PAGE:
Institute of Medicine.  Initial National Priorities for Comparative Effectiveness Research. Washington, DC: National Academies Pr; 2009. Accessed atwww.nap.edu/catalog/12648.htmlon 5 July 2010.
 
Federal Coordinating Council for Comparative Effectiveness Research.  Report to the President and Congress. Washington, DC: Department of Health and Human Services; 2009. Accessed atwww.hhs.gov/recovery/programs/cer/cerannualrpt.pdfon 5 July 2010.
 
Horwitz RI, Singer BH, Makuch RW, Viscoli CM.  Can treatment that is helpful on average be harmful to some patients? A study of the conflicting information needs of clinical inquiry and drug regulation. J Clin Epidemiol. 1996; 49:395-400. PubMed
CrossRef
 
Detre K, Peduzzi P, Murphy M, Hultgren H, Thomsen J, Oberman A, et al..  Effect of bypass surgery on survival in patients in low- and high-risk subgroups delineated by the use of simple clinical variables. Circulation. 1981; 63:1329-38. PubMed
 
Blumenthal D.  Stimulating the adoption of health information technology. N Engl J Med. 2009; 360:1477-9. PubMed
 
U.S. Department of Health and Human Services, Agency for Healthcare Research and Quality.  Fact Sheets on Recovery Act Investments in Comparative Effectiveness Research. Accessed atwww.ahrq.gov/fund/cerfactsheets/on 5 July 2010.
 
U.S. Department of Health and Human Services, Agency for Healthcare Research and Quality.  Comparative Effectiveness Research Grant and ARRA Awards. Accessed atwww.effectivehealthcare.ahrq.gov/index.cfm/comparative-effectiveness-research-grant-and-arra-awards/on 5 July 2010.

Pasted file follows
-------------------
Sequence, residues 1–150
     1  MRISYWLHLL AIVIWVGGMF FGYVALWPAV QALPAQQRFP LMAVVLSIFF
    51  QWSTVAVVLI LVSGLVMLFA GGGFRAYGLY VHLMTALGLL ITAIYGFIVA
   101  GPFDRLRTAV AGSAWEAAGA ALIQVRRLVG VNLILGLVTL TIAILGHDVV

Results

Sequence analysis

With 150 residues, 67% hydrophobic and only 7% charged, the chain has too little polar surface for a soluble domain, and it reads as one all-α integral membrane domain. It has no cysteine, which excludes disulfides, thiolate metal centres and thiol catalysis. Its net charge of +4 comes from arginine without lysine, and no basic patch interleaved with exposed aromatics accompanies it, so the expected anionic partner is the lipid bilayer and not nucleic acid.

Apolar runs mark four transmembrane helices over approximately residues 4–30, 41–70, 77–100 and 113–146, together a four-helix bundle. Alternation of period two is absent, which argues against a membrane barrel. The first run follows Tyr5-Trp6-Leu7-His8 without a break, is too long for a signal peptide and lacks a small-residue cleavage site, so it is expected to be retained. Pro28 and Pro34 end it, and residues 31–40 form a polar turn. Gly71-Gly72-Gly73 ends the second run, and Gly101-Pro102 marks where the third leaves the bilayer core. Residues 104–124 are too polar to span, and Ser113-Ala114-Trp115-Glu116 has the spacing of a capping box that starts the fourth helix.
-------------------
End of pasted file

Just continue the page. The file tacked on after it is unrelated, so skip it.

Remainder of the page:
U.S. Department of Health and Human Services, Agency for Healthcare Research and Quality.  How Are Research Topics Chosen? Accessed atwww.effectivehealthcare.ahrq.gov/index.cfm/submit-a-suggestion-for-research/how-are-research-topics-chosen/on 25 July 2010.
 
Lauer MS, Collins FS.  Using science to improve the nation's health system: NIH's commitment to comparative effectiveness research. JAMA. 2010; 303:2182-3. PubMed
 
U.S. Department of Health and Human Services, National Institutes of Health.  Research Portfolio Online Reporting Tools. Accessed athttp://projectreporter.nih.gov/reporter.cfmon 5 July 2010.
 
U.S. Department of Health and Human Services, Agency for Healthcare Research and Quality.  Recovery Act Awards for Inventory and Evaluation Awards. Accessed atwww.ahrq.gov/fund/recoveryawards/osawinv.htmon 28 July 2010.
 
Clancy C, Collins FS.  Patient-centered outcomes research institute: the intersection of science and health care. Sci Transl Med. 2010; 2:37cm18. PubMed
 
VanLare JM, Conway PH, Sox HC.  Five next steps for a new national program for comparative-effectiveness research. N Engl J Med. 2010; 362:970-3. PubMed
 

Figures

Tables